Happy...umm...April?

The Winter season kind of ended quietly, I thought. The Fall season was a different story; big shows like Hibike! Euphonium 2, Flip Flappers, along with that other show Crunchyroll wouldn’t shut up about, took over all of us, and so it was kind of a shock to us that anime shows as popular as them actually had finale episodes. Little Witch Academia hasn’t had the big impact I expected, but then again it’s a show that Crunchyroll/Funimation don’t have rights for. With several big shows getting sequels, I think this Spring season will be as big as the Fall. I will play no part in this though…no…instead my attention is turning towards the lesser known shows…

…shows like Sakura Quest. I think that this one will be dwarfed compared to P.A Works’ other show this season (season 2 of The Eccentric Family). The story’s an interesting one, just as the other stories in the studios “working” series (Hanasaku Iroha & Shirobako) were.

Yoshino Koharu is an unemployed nobody in Tokyo. When a model agency she did temp work for sets up a contract for a tourism spot in a town in the countryside, she reluctantly takes it…not knowing that the town itself took part in the ‘micro-nation’ project in Japan’s bubble economy. Now that’s over, some of the elderly residents decided to keep it going. After being mistaken for an old pop idol (blame calligraphy on that one), she’s lost on whether she should stay and help or not. Her contract said she had to be there for at least one year, so she’s kind of stuck being the ‘monarch’ of this micro-nation called “The Kingdom of Chupacabra”.

My first impressions are mixed on this one. I like how it focuses on adult protagonists, like Shirobako did, and it also highlights how crazy people in the countryside can be (similar to the kind of people portrayed in Hanasaku Iroha), but episode 1 of Sakura Quest hasn’t filled me with great hope. I think that’s it with P.A Works though. When they get it right, they get it really right, but when they get it bad, they’re just abysmal. People are going to love season 2 of The Eccentric Family anyway, so it’ll be win-win for these guys this season. I’ll still stick with this, as I’m convinced that it’ll get much better. I’m sure this show just suffered from ‘first-episode-blues’.

Little Witch Academia gave us a good opener for the second half, despite it being another ‘mini-story’. It’s the traditional Samhain festival (pronounced ‘So-wain’ – it’s the Pagan word to describe the Halloween holiday), and teams of students put on a spectacle to show off their magic to staff and alumni. With Lotte and Sucy still trying to understand what drives Akko to keep on going despite having so many hurdles, they decide to help her out when she volunteers. As they are the last act, they revive a spirit that turns out to be a former princess. By pulling out the ‘seed of sorrow’ stuck inside it, they free it, and with Akko’s crappy (yet highly amusing) magic, their show is a hit with the students and the judges…although they end up getting disqualified for trashing the stage.

With another word said for the Shiny Rod to be completely awoken, it still remains to be seen what real power it holds. Surely Chariot would know…or would she? Did she give up searching for the words? Perhaps that’s why she never kept the rod and that’s why Akko has it. Anime logic would call this some kind of fate; that Akko was meant to have it. This episode also highlighted Akko’s own vision of what magic was: fun. The headteachers, alumni and most of the students still give off this cold atmosphere, but their show warmed their hearts considerably; even Diana’s stone-cold heart raised a few degrees.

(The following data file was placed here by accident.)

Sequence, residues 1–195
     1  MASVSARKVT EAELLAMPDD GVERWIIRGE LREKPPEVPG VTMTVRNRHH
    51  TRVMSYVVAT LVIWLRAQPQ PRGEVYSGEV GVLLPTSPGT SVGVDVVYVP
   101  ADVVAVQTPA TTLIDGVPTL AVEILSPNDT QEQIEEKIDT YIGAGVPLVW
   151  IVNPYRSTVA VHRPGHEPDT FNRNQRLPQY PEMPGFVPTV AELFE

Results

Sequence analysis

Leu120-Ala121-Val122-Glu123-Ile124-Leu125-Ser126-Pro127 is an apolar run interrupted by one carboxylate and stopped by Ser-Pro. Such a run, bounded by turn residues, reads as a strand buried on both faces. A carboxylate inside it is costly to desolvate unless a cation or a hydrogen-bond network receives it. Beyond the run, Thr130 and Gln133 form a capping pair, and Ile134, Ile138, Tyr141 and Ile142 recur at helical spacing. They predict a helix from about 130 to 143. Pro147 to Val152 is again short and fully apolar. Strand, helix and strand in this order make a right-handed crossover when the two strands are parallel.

Looks like half of the shows I picked won’t begin until a little later, hence why this post is a little shorter than usual. I’ve only just got Amazon Video, so watching Saekano flat is something I’m looking forward to. eromanga sensei, on the other hand, is a show that is already getting giggles from the community, and it hasn’t even started yet (as of writing this post). Should I be worried? Will this show join the likes of Glasslip, Charlotte, Occultic;Nine and Fuuka (ie: the list of shows I regret picking)? Guess there’s only one way to find out.

Oh well; I always have my precious Haibane Renmei to fall back on though.

This is one of my favorite shows of all-time, and seeing it all again is both wonderful and nostalgic. It didn’t make that much of an impact as Serial Experiments Lain did, but it quickly developed a cult following.

It opens with a girl falling from the sky, unaware of how she got there. It’s not long before she wakes up in a world just as unfamiliar. Named ‘Rakka’ because of her dream (she cannot remember her own name), the people who find her, a group of individuals called the Haibane, tell her that this is her life now. These Haibane are people who are gifted with wings and halos; they’re not portrayed as angels, but they’re not portrayed as humans either. Rakka simply plays along because she can’t remember anything else.

Stripped down, Haibane Renmei is a very minimalist and haunting show. Is this world meant to be some kind of Heaven? Or maybe some other underworld that people go to when they die? Is Rakka meant to be dead even, or still alive? Why can’t she remember anything, and why her in particular? What made her special…or unlucky? As the show progresses, we are never given a straight and direct answer. Instead, we are shown a whole new world that is completely different from our own, cut off from everything else. A world where people like the Haibane can exist and not raise any eyebrows. I would never call this show a fantasy, despite it having several elements of one. Instead I see it as drama. It’s stood the test of time, being 15 years old now, and I look forward to watching it all over again.

My reviews for Saekano flat and eromanga sensei won’t be until much later; as I said, another laid-back season…